“It will not fail but will be fulfilled in due time. If it delays, wait for it.”
Tuesday, 29 September 2020
We do not like to hear the phrase “be patient!” in a world in which being active or achieving is seen as an absolute value. We tend to think that being patient means being passive, doing nothing. But patience can be a very active way of being, which allows us to live in and see the beauty of this moment.
The modern-day spiritual teacher, Eckhart Tolle, captures this well when he writes: “In today’s rush we all think too much, seek too much, want too much and forget about the joy of just being.”
The Prophet Habakkuk struggled with his contemporaries and God. He recognises the lawlessness and immorality of his people and questions why God has not punished them. He wants action against the injustice that he sees around him. He is the first Biblical author to ask why God allows injustice and doesn’t act fast by punishing the wicked. He is impatient.
Habakkuk slowly learns to allow things to unfold in their own time. He is taught to be patient. In a second reply to his complaints against God he is told to write this down so that it can be easily read: “…this is a vision for an appointed time, it will not fail but will be fulfilled in due time. If it delays, wait for it.”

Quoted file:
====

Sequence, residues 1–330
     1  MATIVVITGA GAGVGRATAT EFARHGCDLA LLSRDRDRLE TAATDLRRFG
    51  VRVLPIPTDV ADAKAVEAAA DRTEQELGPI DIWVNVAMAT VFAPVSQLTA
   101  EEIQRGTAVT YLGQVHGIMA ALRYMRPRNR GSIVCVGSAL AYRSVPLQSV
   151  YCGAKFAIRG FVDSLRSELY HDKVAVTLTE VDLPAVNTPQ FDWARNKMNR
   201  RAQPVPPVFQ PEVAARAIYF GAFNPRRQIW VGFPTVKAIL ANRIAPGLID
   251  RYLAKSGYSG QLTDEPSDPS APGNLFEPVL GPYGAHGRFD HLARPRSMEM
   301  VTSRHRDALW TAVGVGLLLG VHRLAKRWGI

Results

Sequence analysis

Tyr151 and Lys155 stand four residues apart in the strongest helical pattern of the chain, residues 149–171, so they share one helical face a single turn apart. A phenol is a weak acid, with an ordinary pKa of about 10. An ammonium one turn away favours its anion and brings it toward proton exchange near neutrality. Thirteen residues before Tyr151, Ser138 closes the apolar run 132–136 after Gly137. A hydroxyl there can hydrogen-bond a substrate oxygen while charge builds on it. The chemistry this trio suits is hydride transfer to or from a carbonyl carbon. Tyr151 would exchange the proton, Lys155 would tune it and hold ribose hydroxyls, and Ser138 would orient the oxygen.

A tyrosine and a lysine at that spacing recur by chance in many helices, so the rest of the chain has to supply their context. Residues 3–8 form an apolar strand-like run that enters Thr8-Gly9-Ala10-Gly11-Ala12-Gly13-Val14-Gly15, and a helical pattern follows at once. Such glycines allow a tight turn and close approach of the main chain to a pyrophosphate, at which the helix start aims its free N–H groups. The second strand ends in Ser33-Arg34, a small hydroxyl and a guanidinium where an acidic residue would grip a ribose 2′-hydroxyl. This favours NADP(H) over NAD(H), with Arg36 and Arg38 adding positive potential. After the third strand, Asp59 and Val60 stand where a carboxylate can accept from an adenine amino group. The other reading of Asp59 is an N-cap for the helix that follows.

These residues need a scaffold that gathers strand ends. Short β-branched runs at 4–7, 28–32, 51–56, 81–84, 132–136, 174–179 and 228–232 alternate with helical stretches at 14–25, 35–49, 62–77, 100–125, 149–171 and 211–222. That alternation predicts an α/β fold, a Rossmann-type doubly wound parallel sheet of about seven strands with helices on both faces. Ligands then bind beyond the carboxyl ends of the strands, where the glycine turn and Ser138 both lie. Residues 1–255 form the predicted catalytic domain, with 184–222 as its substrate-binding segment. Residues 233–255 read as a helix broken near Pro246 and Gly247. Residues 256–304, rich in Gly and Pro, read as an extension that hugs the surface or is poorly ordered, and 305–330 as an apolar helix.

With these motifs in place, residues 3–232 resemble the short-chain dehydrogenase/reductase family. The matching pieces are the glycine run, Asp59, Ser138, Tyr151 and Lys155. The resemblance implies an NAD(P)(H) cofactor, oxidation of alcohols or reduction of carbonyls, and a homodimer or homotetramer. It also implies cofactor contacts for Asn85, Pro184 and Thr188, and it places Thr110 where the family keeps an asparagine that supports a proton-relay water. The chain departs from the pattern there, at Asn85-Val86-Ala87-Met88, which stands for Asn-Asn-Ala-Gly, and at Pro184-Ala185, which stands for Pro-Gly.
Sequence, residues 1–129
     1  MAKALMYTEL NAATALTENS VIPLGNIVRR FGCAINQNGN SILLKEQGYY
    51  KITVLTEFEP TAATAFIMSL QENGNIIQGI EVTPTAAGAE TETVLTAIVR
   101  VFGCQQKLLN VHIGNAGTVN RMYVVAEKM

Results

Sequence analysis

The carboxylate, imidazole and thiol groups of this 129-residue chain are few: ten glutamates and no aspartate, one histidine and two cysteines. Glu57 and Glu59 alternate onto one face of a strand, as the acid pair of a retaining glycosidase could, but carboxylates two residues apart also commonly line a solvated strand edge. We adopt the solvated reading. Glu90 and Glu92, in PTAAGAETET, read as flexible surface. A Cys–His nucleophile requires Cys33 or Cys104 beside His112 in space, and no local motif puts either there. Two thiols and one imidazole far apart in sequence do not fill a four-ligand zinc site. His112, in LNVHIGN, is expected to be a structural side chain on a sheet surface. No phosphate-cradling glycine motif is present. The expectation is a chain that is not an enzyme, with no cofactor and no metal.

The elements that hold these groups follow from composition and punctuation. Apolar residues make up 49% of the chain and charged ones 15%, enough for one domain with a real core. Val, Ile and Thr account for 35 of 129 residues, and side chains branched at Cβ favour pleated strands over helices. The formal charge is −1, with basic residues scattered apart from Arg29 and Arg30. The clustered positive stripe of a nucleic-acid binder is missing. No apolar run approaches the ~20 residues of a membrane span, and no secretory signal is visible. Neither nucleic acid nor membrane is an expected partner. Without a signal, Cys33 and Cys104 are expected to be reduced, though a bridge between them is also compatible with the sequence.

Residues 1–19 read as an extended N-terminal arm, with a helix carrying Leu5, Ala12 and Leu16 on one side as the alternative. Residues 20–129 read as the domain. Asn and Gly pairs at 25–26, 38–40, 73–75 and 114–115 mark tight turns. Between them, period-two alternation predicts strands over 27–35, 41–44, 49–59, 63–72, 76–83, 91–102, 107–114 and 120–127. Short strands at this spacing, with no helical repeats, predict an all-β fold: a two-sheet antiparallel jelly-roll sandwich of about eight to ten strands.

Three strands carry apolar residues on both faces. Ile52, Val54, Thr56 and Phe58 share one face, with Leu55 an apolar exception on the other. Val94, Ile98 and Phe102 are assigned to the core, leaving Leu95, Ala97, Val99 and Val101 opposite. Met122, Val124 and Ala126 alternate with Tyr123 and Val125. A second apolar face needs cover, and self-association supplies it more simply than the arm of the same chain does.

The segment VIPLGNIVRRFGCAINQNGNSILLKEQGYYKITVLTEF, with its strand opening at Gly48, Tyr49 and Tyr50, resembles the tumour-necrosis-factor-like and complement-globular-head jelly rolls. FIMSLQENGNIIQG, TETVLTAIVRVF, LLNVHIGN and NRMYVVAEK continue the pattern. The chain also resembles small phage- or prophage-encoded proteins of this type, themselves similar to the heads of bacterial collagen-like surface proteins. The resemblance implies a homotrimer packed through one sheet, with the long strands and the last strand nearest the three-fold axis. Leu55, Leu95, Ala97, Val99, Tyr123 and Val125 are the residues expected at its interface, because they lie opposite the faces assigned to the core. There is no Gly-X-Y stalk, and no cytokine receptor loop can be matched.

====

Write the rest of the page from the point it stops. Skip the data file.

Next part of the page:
Patience means to wait, hold back and allow things to unfold. We often want to complete what we are doing. We want to move on and tackle the next task. We hold onto the false notion that getting things done proves we are somehow valuable and worthwhile. When we live like this, we can so easily miss the beauty of the moment because we impatiently want to move on. We lose a moment in time, a part of our lives that can never be repeated because once it is past, it is gone. When we are impatient, we stand the chance of losing our very selves.
Today, can you practice living in the beauty of the moment? Like the Prophet Habakkuk, what do you need to let go of for things to unfold in their own time?